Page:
"In Lebanon, energetic efforts are underway to change this situation, despite the difficulty [of doing so]... One of the proposals that may amaze you... is based on the rationale that many who deal with this issue quietly understand. I understand and respect the right of return. But those who comprehend [this issue] know that when the return to Israel occurs, it could possibly apply [only] to the remaining Palestinian men and women who actually left their villages and lands or were driven from them in 1948. They numbered no more than 750,000, of whom [some] 50,000 are still alive. It is the fate of their descendants, who currently number five million, which is the [main] issue. Many have come to the understanding that these people will return to the new Palestinian state that will be founded as part of a comprehensive peace agreement, or will receive compensation and settle in the Arab countries where they currently reside, or outside them in the new world.

"Please do not hasten to curse me harshly, because those who work in this field know what I am talking about. Did you not hear the criticism directed by Swiss Foreign Minister Ignazio Cassis at UNRWA during his official visit to Jordan in May 2018, when he said that UNRWA had become part of the problem in the region because it perpetuates the refugee camps, and that more efforts must be made to integrate the refugees in other countries instead of giving them [false hopes] of returning to the Palestinian lands? Switzerland is known for its staunch neutrality and its commitment to peaceful conflict resolution... When its foreign minister makes such a statement, it is worth noting...

"You think I am whitewashing Israel, but does it need whitewashing? It has its bright sides and its dark sides, and I am well familiar with both. You object that I must say I visited Palestine, not Israel, but [the fact is that] I visited Israel and the occupied Palestinian territories. I am staunchly in favor of the two-state solution, even though everyone thinks that calling for it today is delusional. When a Palestinian state is established, I will refer to it as Palestine. Israel exists. It has a right to exist, just as the Palestinian state I am demanding has a right to exist. I am not saying this out of generosity. All the peace talks mentioned negotiation between Israel and the Palestinians and spoke of [Israel's] withdrawal to the 1967 borders. Nobody is talking of the 1948 [borders]. Perhaps you find the claim that Israel does not exist reassuring, but I consider it irrational. It will not change the reality which is recognized by international law and by the international community.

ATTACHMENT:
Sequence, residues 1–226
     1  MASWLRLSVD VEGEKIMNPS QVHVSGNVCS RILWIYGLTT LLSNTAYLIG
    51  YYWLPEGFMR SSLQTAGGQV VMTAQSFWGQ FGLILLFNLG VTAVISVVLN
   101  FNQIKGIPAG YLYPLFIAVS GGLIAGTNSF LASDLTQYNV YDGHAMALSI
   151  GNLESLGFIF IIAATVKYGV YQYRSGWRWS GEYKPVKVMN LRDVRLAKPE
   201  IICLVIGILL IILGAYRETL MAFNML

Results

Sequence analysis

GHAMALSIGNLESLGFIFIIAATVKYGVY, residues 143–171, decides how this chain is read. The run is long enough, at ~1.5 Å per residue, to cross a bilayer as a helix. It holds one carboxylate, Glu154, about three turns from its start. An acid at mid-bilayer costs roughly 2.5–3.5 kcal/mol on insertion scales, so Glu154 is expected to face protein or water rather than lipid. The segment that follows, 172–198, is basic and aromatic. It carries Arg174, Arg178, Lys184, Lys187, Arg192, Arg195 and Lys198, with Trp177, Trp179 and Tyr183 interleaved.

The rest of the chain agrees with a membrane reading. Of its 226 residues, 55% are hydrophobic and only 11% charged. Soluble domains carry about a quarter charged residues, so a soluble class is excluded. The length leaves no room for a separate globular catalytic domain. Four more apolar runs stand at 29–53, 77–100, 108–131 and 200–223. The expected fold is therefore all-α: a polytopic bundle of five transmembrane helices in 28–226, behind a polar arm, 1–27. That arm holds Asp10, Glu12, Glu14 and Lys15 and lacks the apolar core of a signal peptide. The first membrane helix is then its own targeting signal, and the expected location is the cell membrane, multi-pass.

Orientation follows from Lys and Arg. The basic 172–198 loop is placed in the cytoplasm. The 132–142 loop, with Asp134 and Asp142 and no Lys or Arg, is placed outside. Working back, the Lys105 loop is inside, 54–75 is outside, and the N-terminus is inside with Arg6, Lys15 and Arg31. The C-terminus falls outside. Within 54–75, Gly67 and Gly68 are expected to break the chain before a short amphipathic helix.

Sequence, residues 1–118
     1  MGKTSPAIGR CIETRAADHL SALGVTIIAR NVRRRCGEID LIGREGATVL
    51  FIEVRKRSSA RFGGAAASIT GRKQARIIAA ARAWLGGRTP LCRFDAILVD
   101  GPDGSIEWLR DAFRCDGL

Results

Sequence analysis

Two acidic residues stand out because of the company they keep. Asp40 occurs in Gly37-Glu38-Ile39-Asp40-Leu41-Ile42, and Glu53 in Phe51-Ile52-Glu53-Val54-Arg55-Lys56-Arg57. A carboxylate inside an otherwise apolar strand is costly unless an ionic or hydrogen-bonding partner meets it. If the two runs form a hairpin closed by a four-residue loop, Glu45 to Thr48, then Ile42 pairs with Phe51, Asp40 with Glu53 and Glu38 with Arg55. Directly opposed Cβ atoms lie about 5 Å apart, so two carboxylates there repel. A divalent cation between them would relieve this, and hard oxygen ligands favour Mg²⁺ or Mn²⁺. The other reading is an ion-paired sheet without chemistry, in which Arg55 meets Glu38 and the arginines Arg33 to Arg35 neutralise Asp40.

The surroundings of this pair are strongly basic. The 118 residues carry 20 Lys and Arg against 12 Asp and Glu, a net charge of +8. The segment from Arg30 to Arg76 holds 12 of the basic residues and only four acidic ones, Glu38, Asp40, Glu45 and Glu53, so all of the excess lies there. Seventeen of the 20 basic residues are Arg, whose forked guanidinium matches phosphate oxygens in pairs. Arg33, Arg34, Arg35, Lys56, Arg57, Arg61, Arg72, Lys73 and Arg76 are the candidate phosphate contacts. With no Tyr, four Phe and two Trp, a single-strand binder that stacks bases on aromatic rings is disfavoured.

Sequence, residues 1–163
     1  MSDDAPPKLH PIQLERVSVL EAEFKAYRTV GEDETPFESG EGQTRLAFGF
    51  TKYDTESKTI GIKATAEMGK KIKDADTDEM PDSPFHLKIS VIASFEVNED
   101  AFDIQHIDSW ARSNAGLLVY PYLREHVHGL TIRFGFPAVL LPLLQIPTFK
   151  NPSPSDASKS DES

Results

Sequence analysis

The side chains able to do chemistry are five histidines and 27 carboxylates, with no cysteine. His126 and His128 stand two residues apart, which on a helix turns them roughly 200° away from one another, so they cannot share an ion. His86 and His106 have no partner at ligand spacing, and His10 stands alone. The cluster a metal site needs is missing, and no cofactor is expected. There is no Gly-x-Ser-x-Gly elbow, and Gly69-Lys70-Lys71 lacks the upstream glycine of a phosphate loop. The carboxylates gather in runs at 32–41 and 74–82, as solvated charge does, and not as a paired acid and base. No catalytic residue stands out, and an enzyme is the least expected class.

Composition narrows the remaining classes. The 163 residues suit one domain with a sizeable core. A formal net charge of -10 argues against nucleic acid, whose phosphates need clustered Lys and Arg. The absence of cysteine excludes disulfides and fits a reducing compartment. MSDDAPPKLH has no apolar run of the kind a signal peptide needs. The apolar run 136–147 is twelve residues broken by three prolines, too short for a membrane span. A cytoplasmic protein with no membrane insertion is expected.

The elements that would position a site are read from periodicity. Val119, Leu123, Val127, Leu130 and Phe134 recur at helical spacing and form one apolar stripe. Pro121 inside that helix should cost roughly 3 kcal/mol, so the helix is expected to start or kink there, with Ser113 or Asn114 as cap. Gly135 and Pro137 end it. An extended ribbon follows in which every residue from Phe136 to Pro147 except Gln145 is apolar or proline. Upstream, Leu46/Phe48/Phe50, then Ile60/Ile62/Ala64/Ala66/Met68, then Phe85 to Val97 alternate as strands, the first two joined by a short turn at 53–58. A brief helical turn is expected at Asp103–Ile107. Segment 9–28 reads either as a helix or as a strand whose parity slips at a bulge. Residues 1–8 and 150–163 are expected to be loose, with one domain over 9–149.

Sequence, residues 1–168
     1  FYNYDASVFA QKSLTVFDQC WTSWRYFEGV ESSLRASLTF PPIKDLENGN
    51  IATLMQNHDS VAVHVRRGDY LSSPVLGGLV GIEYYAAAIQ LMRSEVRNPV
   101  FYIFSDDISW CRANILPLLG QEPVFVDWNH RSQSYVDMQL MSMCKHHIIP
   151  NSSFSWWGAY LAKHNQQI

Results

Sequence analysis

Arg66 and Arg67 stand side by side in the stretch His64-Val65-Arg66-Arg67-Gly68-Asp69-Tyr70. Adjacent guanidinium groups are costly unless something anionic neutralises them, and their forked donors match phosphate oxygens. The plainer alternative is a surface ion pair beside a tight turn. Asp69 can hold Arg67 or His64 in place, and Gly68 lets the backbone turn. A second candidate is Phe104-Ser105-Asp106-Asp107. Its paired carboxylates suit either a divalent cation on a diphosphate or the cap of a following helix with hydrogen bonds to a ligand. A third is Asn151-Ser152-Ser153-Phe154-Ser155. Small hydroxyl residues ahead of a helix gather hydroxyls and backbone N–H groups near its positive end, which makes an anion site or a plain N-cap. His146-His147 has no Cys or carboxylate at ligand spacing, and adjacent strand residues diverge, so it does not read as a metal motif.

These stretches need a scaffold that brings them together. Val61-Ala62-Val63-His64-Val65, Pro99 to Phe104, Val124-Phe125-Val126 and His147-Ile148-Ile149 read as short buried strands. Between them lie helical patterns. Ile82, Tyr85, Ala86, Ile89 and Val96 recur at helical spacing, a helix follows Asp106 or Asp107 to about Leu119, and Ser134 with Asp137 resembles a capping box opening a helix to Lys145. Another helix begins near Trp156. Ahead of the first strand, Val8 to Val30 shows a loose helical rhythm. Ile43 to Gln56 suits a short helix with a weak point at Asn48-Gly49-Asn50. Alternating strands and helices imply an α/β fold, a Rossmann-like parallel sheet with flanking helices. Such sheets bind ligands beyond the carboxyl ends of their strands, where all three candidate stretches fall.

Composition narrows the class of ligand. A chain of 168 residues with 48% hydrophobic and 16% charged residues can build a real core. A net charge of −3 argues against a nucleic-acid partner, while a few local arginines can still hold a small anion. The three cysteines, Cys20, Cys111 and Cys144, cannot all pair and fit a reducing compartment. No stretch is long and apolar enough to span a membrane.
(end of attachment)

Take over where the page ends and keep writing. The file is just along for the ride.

"We must insist on the establishment of the Palestinian state... and on a halt to the settlements... [We must insist] that U.S. President Donald Trump has no right to change the legal status of Jerusalem, and most importantly, that Israeli Arabs be treated as equal to Israeli Jews. But in doing so, we must understand the mentality of Israel, which fears for its security – and not without reason, since it is surrounded by Arabs who think that 'Judaism' is a curse." 


[1] For more about Dr. Elham Manea's visit to Israel, see MEMRI Special Dispatch No. 7607, Yemeni-Egyptian Liberal Dr. Elham Manea: 'I Went To Israel And Don't Regret It'; Peace With It Is Possible, August 6, 2018.

[2], August 3, 2018.